researcher Aviva Presser Aiden
and her team have snagged a $100,000 grant from the Bill and Melinda Gates Foundation to develop and deploy Microbial Fuel Cells
(MFCs) to Africa. These devices can be quickly and cheaply assembled, and can generate electricity from ordinary dirt
to recharge cellphones
Powering cellphones with dirt batteries may sounds like a trivial development, but it becomes quite pressing when you look at the numbers. 22% of Africans use cellphones, but over 500 million do not have access to electrical power. For these people, recharging a cellphone means walking perhaps for hours to a recharging station and paying for the power. Recharging a phone typically costs between $.50 and $1, which can add up to a significant amount when the average annual income is measured in "several hundred dollars."
The dirt batteries work by taking advantage of the natural metabolic processes of certain microbes. These tiny critters occasionally spit out a free electron while going about their normal business. The MFC batteries capture these electrons and put them to use. Aiden has already used similar technology to power lights in areas separated from municipal power, and has kept an LED burning in her lab for 14 months. In addition to being easy to power, the devices can be built from scratch at a very low cost. So low, that researchers believes that users could recoup the cost of materials after a single charge.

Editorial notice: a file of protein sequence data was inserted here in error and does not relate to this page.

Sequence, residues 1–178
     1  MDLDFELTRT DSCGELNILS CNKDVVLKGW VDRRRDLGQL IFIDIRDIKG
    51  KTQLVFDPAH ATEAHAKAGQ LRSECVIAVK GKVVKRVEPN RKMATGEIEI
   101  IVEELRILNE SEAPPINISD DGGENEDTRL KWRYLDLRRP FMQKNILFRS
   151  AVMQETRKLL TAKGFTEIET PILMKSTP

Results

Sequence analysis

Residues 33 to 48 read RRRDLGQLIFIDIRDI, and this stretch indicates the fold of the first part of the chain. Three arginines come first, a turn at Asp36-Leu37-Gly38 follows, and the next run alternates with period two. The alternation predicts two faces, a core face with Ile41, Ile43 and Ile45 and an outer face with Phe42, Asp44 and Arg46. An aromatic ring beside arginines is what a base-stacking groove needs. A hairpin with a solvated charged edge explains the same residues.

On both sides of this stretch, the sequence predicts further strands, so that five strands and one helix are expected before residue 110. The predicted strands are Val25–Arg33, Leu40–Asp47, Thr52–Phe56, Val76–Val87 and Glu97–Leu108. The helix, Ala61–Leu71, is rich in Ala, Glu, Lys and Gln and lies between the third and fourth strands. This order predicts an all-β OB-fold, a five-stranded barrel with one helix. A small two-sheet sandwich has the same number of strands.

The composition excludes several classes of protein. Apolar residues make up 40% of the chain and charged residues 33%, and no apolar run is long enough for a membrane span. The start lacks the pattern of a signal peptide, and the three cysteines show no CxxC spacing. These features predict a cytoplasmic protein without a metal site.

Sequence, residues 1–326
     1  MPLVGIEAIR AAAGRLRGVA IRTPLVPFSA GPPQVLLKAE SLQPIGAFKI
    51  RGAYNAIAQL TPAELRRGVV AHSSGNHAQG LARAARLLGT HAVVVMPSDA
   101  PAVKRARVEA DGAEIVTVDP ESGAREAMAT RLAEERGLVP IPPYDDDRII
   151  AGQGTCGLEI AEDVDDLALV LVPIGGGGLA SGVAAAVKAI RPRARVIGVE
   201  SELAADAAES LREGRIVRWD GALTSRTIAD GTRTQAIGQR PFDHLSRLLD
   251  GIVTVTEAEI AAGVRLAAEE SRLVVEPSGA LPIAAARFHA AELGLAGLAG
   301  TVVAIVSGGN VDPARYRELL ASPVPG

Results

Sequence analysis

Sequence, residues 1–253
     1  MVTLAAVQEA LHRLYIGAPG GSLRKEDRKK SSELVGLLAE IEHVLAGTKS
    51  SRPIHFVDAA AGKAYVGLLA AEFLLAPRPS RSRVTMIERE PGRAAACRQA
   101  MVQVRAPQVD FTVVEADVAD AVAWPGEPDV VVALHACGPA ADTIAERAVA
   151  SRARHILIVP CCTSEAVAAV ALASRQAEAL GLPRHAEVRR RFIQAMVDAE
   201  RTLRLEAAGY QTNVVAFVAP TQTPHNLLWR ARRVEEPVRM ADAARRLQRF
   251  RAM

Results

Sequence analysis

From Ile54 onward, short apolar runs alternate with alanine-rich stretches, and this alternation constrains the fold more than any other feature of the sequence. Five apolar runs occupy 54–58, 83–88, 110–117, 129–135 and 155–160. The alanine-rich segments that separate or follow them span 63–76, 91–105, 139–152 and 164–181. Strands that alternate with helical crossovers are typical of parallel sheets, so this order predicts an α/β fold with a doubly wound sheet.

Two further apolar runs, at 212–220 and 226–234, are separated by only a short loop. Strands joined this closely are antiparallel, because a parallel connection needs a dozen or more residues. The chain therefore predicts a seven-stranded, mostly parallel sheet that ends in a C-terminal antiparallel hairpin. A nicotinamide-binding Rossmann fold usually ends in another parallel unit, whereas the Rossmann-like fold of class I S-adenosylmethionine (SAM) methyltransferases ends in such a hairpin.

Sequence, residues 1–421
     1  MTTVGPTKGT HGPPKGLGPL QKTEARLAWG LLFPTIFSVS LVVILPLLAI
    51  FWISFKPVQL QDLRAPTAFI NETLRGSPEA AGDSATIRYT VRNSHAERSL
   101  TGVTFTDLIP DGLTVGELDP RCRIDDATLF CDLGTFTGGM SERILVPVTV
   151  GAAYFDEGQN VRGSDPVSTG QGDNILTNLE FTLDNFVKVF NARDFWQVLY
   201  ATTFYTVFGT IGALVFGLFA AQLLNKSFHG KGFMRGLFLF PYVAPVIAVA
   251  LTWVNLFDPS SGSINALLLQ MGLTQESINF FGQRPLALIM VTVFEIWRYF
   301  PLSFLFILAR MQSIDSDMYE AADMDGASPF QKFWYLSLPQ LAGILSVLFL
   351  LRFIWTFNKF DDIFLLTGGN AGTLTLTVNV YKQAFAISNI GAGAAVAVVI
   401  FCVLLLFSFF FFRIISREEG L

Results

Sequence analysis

For the Aiden, the next step will be taking prototypes into the field and introducing them to communities. Her hope is that by familiarizing people with the batteries, they can create their own without any additional help. If successful, these humble microbes may start lighting up communities across the globe.
(Harvard via Gamma Squad)